God in Man’s Image: Process and Secular Theology

Theological work faces a challenge in that only the new born soul that Jesus told Nicodemus of can really grasp the truth (John 3:1-21, NIV). All souls that have not been reborn “suppress the truth” (Romans 1:18). Process and Secular theology are then working to bridge a gap that cannot be bridged except by revelation. This is why Barth was so adamant about the need for revelation for anything to be known of God, and also why even though the Process and Secular theologian set out to build on a framework of a transcendent and immanent God, they mostly ended up with significant emphases on the immanence. Dietrich Bonhoeffer and Paul Tillich were the theologians behind Process and Secular theology. Tillich was at least as influential a figure on the stage of theology as Karl Barth, and in America, Tillich was even more influential than Barth (Grenz, Olson, 1992).  Process theology at its core is an attempt to meld metaphysics and science using Christianesque theology, and secular theology was about trying to make theology useful to the modern culture.  Bonhoeffer and Tillich, in an attempt to offer a rebuttal to the Neo-Orthodoxy of Barth, ended up making secular theology which places man at the center of existence and makes man independent of God, or growing to independence of God; and Process theology that ends up making God “not a separate self-sufficient being”  but rather dependant on His own creation to recognize his existence.

Bonhoeffer was a German theologian that preached action. He thought that the church should be moving on what they believed. He demonstrated his commitment to this idea by giving his life in open resistance to Hitler’s Third Reich. Bonhoeffer was concerned with the application of theology and this application dominated a lot of his theological writing.

Unlike Bonhoeffer who stayed to fight, Tillich escaped Nazi Germany to teach and work in the U.S. at Columbia University. Tillich centered much of his theological writing around three points: “Heteronomy”, “Theonomy” and “Autonomy” (Hordern, 2002, pp. 170-171). In Tillich’s writings Heteronomy, the teaching that God is the supreme law giver, leads naturally to rebellion and Autonomy, this must be balanced with Theonomy which is the natural understanding of the Law inherent in man (Hordern, 2002). Process theology was birthed out of Tillich’s ontological philosophical correlation theology.

Process theology is like open theology in that it says God is a “participant” in the temporal process (Hordern, 2002, p. 131). It is also like Molinism in that it would say God sees all future possibilities and “lures” the created down the best path (Hordern, 2002, p. 137). The view of God that appears here is a very immanent one. In this view God is not a sovereign creator self- sufficient and free to give grace but rather a being that needs free creatures to love him. There are two fallacies in Process theology about God that needs to be addressed and they really can be addressed from a logical or biblical standpoint. From the biblical standpoint God made it very clear that He is a personal being that has existed just fine forever without man. From the logical standpoint, process theology only works if God created using the evolutionary method and this is why Tillich did not allow for the Genesis account to be taken literally (Grenz, Olson, 1992). If God created using the Evolutionary method then all God did was start a Process, however, since there is more than reasonable evidence for creation as given in the Genesis account, it would be illogical to postulate the process. If the creation account in Genesis took place EX nihilo (out of nothing) then the God of Process theology is man’s imagination.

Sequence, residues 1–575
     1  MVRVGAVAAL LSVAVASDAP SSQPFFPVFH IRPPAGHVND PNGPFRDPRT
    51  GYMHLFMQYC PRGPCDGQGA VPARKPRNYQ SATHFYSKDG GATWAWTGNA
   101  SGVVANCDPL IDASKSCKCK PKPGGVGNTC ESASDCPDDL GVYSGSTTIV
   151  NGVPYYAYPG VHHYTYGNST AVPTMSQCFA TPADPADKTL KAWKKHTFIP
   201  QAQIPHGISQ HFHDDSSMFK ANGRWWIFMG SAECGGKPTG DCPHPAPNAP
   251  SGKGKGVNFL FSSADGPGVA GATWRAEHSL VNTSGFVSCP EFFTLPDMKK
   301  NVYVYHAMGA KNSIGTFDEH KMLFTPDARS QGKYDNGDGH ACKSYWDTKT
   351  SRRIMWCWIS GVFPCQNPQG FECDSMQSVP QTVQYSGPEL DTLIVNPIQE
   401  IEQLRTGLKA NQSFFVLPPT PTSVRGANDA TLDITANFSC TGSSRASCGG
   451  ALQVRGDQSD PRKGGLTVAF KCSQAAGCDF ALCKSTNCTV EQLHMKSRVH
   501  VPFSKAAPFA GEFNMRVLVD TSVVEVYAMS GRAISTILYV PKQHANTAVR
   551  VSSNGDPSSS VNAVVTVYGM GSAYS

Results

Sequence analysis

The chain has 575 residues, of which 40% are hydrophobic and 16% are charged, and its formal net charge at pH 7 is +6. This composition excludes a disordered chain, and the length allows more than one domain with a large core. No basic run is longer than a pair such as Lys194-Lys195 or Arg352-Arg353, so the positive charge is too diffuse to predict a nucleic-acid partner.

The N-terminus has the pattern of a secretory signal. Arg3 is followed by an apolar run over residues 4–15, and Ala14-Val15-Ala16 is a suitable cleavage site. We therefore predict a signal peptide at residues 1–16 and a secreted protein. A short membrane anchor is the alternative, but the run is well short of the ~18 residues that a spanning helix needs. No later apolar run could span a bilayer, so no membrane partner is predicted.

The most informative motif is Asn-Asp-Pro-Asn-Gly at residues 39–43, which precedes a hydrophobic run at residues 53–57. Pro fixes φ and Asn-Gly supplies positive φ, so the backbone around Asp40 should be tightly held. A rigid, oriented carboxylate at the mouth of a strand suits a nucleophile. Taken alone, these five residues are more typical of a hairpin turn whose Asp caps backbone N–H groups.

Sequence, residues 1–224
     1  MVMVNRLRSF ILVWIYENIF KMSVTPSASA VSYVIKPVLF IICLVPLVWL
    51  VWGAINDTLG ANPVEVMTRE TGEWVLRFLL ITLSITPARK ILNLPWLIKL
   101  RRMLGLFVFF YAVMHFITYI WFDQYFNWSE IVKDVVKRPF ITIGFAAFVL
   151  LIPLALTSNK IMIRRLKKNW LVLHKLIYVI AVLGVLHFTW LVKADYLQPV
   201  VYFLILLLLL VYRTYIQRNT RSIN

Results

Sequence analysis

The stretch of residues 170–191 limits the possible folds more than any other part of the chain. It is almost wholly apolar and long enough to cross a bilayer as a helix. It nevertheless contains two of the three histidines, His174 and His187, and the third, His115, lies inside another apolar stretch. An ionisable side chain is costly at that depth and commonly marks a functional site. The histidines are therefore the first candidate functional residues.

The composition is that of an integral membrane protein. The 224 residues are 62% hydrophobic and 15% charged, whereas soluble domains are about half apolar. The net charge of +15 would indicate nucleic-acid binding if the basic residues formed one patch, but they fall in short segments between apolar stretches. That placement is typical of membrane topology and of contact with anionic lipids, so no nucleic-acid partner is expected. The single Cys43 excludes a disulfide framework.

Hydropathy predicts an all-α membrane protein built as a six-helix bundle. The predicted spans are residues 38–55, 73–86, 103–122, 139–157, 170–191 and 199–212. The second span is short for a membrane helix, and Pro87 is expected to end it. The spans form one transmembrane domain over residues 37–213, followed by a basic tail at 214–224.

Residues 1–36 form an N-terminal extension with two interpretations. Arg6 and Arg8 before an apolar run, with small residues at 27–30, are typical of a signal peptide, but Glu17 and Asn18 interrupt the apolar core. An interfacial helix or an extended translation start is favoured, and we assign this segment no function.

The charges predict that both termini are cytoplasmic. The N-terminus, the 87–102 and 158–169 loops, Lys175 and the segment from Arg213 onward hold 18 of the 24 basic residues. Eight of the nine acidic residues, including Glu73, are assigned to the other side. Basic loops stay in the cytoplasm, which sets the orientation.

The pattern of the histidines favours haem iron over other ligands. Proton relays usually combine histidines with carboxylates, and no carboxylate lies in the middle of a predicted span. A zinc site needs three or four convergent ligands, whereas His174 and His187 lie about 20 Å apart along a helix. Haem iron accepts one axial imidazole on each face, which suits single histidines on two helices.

Secular theology was not like process theology in that it does not rely on scientific agreement. In Secular theology the question to be answered is ‘why man’. Secular theology did come to several of the same conclusions that Process theology did in that man was created with the ability to reason the truth. Tillich said that theology is dead without Philosophy and Bonhoeffer said that theology is dead without actions. Secular theology is fundamentally based on how theology can make a better society. This means that Secular theology puts God in very nearly the same role that Process theology does. In both theologies the outcome is based on man’s role. In Process theology God created because he needed man and Secular theology God created so man could learn to not need him. Obviously the biblical evidence that God created man to redeem simply puts the brakes on Secular theology’s definition of God as a person working inside time to void being needed.

Both Bonhoeffer and Tillich were brilliant men with much to say worth reading, however where they fell short was the same place that Process and Secular Theology falls short and why both are classified as liberal theologies. They believed that reason could lead to man understanding God. The problem they faced, and the bridge that cannot be built, is that fallen man will have fallen reason and only a redeemed and reborn mind will know the things of God by revelation.

 

 

References

Grenz, S. J., & Olson, R. E. (1992). 20th-century theology: God and the world in a transitional age. Downers Grove, IL: InterVarsity Press.

Hordern, W. (2002). A layman’s guide to Protestant theology (Rev.ed.). Eugene, OR: Wipf & Stock Publishers.

 

 

Posted in Blog, Theology.